SHERMAN-MYNTTI: Yeah. When I was 15, a friend of mine went missing and died very suddenly. The questions that you’re left with about something like that, and also just about life and death, make you confront certain subjects for the first time in a very intense and profound way. And those questions about mortality will be ones I try to answer through my work for the rest of my life. This movie is KJ’s and my first movie, and I think that it’s almost like a letter to our teenage selves. When we went into the writing and eventual making of this movie, we were what, 25? It was like writing a letter to our younger selves and answering questions that maybe we wished we could at those ages.

IMPERIOLI: Coming-of-age has always been a very resonant theme for me as a reader and movie-goer, and as a writer as well. I did a talk last week at a bookstore in the East Village about a coming-of-age novel I wrote, and someone asked, “What are the qualities of that age—the protagonist in the book is 16—that you wanted to express?” And I said that it was the feeling of inadequacy that a lot of adolescents have. They’re not enough. What they do is not enough. I’m not even only talking about kids who are outcasts. Even kids with healthy friendships. I’m wondering if you can relate to that or if there’s a parallel in your film.

ROTHWEILER: Yeah. There’s a real fragility and insecurity to the worldview of a young person. We’re a bit older now. I turned 33 yesterday and someone asked me how I felt about it. I was thinking about our movie, and I was like, “I feel a lot better than I used to.” I think the membrane of my sense of self has hardened and it’s not as malleable and vulnerable as it used to be.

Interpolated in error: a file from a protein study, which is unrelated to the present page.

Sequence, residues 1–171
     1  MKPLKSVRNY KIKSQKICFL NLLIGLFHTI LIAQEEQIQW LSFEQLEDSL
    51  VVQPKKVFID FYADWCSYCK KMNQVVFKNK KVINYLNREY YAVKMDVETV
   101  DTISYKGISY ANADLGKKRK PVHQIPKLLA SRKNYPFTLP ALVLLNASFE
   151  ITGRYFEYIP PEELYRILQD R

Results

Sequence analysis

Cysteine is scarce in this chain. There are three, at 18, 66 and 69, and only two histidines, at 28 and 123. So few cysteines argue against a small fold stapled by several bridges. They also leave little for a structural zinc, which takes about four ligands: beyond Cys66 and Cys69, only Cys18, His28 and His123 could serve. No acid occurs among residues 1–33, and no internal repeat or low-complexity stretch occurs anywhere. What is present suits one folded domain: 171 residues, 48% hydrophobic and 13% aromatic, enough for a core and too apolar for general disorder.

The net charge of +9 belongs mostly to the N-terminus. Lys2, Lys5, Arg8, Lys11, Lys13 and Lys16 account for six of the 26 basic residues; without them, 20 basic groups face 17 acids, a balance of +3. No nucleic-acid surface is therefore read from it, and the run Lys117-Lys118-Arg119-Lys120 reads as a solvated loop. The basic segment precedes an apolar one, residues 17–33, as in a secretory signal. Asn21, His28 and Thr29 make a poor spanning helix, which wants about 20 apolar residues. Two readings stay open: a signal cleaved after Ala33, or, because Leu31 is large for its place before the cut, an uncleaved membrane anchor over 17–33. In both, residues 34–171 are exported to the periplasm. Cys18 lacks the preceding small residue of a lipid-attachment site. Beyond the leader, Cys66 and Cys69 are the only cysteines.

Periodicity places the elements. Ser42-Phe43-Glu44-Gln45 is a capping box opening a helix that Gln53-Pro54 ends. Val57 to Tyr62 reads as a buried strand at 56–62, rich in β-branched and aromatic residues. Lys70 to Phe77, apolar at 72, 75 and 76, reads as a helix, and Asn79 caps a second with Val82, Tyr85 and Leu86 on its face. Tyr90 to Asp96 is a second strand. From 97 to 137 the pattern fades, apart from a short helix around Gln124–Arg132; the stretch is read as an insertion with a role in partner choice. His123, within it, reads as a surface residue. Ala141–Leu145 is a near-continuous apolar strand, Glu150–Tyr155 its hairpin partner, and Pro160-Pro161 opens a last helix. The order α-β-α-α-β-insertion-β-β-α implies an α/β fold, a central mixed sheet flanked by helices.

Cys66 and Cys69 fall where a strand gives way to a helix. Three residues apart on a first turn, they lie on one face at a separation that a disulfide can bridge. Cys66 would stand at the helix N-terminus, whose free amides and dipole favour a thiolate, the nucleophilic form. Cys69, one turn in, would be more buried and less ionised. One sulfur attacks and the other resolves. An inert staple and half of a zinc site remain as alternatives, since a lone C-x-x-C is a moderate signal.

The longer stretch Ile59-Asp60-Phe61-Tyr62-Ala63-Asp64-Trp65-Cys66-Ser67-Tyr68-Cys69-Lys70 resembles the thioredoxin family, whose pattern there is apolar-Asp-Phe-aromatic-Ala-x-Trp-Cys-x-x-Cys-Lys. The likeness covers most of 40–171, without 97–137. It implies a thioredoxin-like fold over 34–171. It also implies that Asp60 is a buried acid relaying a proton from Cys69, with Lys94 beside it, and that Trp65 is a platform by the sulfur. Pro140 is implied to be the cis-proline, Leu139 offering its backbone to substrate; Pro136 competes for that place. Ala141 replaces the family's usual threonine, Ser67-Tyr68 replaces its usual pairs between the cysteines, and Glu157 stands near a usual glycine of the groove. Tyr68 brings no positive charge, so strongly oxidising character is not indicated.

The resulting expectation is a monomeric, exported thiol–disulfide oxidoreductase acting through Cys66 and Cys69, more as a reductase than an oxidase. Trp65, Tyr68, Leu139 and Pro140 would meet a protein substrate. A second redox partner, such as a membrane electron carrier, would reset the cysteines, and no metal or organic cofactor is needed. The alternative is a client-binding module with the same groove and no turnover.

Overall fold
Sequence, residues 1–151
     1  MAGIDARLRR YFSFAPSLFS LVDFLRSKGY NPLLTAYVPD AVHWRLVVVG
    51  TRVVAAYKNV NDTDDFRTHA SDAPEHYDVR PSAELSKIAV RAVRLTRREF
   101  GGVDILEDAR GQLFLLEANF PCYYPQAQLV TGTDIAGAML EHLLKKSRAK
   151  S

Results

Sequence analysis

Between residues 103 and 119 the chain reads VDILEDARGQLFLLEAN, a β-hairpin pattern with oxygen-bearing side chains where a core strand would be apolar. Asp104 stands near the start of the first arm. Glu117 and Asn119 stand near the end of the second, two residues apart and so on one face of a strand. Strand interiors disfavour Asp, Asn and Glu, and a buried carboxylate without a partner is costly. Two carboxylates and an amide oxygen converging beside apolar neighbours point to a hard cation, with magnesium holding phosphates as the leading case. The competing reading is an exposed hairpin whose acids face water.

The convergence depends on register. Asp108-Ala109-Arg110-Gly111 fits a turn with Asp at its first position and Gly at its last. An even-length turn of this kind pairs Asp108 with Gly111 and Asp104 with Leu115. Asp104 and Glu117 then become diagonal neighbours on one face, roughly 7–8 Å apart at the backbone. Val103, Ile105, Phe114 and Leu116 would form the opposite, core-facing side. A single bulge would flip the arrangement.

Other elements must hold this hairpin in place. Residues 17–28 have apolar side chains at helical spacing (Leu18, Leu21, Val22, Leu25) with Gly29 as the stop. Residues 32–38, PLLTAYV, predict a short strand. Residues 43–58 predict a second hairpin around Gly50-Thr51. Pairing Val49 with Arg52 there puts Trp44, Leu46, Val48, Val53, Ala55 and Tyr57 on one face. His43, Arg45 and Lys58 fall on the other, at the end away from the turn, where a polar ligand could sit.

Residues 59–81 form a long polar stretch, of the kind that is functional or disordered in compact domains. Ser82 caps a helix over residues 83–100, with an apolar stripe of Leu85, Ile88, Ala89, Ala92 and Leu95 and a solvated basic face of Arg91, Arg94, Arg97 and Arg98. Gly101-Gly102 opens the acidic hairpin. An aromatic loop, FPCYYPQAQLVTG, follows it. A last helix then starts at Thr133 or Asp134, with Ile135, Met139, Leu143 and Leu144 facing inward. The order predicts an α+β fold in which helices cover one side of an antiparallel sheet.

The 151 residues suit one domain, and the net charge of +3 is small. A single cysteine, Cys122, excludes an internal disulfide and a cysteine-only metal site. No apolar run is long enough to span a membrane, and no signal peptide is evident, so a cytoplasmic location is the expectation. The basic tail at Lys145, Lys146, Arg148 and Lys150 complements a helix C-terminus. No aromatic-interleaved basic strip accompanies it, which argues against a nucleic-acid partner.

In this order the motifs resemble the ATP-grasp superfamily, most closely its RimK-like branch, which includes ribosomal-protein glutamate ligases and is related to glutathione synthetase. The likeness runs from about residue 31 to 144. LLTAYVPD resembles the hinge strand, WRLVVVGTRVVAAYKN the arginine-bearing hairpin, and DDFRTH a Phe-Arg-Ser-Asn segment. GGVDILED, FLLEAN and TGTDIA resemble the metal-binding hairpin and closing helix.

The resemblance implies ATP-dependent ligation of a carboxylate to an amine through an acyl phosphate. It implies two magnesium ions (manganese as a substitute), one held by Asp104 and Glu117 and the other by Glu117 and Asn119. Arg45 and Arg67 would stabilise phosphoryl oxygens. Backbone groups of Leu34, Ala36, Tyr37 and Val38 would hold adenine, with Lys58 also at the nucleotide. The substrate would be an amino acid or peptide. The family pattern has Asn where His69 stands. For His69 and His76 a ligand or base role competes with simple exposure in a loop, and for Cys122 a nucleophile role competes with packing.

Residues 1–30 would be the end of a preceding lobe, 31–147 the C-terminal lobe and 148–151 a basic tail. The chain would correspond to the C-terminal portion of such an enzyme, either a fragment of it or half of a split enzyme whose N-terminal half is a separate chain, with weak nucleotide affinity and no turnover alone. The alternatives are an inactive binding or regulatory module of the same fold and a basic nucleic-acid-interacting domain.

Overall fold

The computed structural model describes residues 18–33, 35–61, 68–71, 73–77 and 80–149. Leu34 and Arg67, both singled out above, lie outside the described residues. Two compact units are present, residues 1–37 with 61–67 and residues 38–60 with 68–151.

SHERMAN-MYNTTI: Yeah, I completely agree. You’re just absorbing everything at that age, and at the root of all of it is, like you said, that vulnerability. Not to switch it on you, but what were you like at that age, Michael?

IMPERIOLI: I had friends, I played sports, but I always had the feeling that I was biding my time until life started. It felt like I was in a waiting room, even though there were fun times. It was like I couldn’t wait to get done with this to start my life. I think it’s one reason why I didn’t wind up going to college. Once I started taking acting classes when I was 17, I went from being with kids my own age to all of a sudden being in class with people who were in their thirties and forties, and I really liked that. I felt I was in the real world. But that sense of inadequacy was all-pervasive. I had an English teacher that made us read short stories, but she wanted us to bring them to life a little bit, like a performance. So I did The Tell-Tale Heart, which is a really good one to perform, and she said, “You should try acting or join the drama club.” The last thing I wanted to do was be on stage in high school. It felt like being exposed in a way that I couldn’t handle. At one of the early screenings of your film in New York, you mentioned that this was the first of a “loss of innocence trilogy” that you’re planning to do. And I wanted to ask, is it possible to find innocence after it’s been lost?